In 2006, the Tennessee Immigrant and Refugee
Rights Coalition launched a public education and communications
campaign to foster constructive public dialoguein
a state facing profound demographic change with a more than 300 percent growth in
its immigrant population over 15 years. The Welcoming Tennessee Initiative
creates opportunities for Tennessee residents, native-born and immigrant
alike, to discuss the effects of immigration, its historical and
national contexts, and how to develop strategies for strong, inclusive
The Initiative has created welcoming committees in Nashville
and Shelbyville (a small community that has experienced a large influx
of Latino and Somali immigrants) to facilitate conversations about
immigration; recruited and trained more than 70 "ambassadors" around
the state to organize welcoming committees and facilitate discussions;
launched public education campaigns through billboard ads; and held
community forums and presentations at churches, universities, civic
clubs, and other sites. The Welcoming Tennessee initiative has inspired
similar efforts in 13 other states.
In a new destination state like Tennessee,
which faces a significant policy and public debate about immigration
and its impacts, the Welcoming Tennessee Initiative (WTI) plays
a proactive role in increasing public understanding of the realities
of immigration, situating recent demographic changes in a broader
historical context and constructively engaging the public in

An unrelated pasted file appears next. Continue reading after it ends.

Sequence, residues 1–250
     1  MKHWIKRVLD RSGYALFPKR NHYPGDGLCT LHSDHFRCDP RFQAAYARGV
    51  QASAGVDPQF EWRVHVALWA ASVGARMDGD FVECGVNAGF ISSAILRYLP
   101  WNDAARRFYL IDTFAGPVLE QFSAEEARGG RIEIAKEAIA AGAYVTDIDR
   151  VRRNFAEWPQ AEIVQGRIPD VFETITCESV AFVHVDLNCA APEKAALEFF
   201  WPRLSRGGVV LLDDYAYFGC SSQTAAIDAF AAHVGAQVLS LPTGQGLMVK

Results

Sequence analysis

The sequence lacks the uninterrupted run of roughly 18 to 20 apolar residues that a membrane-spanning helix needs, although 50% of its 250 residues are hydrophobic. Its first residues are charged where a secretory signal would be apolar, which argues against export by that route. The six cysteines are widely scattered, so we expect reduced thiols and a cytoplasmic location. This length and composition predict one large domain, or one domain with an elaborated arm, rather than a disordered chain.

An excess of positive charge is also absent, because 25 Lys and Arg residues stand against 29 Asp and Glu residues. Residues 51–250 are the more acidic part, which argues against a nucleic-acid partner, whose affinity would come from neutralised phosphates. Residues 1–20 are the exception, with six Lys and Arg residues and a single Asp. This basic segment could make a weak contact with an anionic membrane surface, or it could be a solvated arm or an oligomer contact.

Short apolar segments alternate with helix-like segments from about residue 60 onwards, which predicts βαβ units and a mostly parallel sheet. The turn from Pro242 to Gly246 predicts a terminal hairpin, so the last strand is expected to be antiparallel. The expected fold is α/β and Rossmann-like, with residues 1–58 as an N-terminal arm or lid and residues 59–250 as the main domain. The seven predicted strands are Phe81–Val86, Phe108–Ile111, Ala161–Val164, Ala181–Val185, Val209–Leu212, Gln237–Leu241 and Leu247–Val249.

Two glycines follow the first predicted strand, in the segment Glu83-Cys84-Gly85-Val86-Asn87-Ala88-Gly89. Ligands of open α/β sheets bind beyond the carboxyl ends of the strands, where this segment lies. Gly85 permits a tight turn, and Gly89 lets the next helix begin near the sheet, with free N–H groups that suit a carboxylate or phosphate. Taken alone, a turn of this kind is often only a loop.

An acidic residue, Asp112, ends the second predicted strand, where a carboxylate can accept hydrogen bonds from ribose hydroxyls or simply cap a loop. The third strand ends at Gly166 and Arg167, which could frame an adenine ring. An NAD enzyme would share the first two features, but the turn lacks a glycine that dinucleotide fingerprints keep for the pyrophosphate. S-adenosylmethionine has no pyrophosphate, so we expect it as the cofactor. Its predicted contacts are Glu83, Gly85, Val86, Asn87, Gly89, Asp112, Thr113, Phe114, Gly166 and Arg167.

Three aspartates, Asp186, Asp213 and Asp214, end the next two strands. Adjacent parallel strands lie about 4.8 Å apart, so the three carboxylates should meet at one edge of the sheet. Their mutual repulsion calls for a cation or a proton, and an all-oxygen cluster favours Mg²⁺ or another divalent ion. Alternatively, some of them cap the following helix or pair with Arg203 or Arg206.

areas where they have concerns.
The WTI has created a mutually
enriching dialogue between native Tennesseans and new residents,
which is in turn creating a shared understanding of immigration's
challenges and opportunities and more cohesion in communities
that are taking these issues on.
"ambassadors" and welcoming committees serve a powerful educational
role and help to raise the level of public discourse surrounding
immigration and immigrants so that public policies can be built
on a solid analysis and mutual respect for the concerns of native
residents and of newcomers.
WTI, which was an effort conceived
outside of government and joined by a wide range of actors, serves
as a strong example that while government can be a pro-active
player, sometimes communities and civic leaders can step into
that role with great success.
About Stephen Fotopulos,
Stephen Fotopulos is the Executive Director of the Tennessee Immigrant
and Refugee Rights Coalition (TIRRC), in Nashville, Tennessee.
Before becoming Executive Director in 2008, Mr. Fotopulos served
as TIRRC Policy Director for four years, joining the organization in
served for five years as a logistics officer in the United States Navy,
living and working in the Mediterranean and the Persian Gulf.
sits on several boards and advisory councils dealing with immigration,
including the Tennessee Alliance for Legal Services where he is co-chair
of the Task Force on Immigrants and Refugees.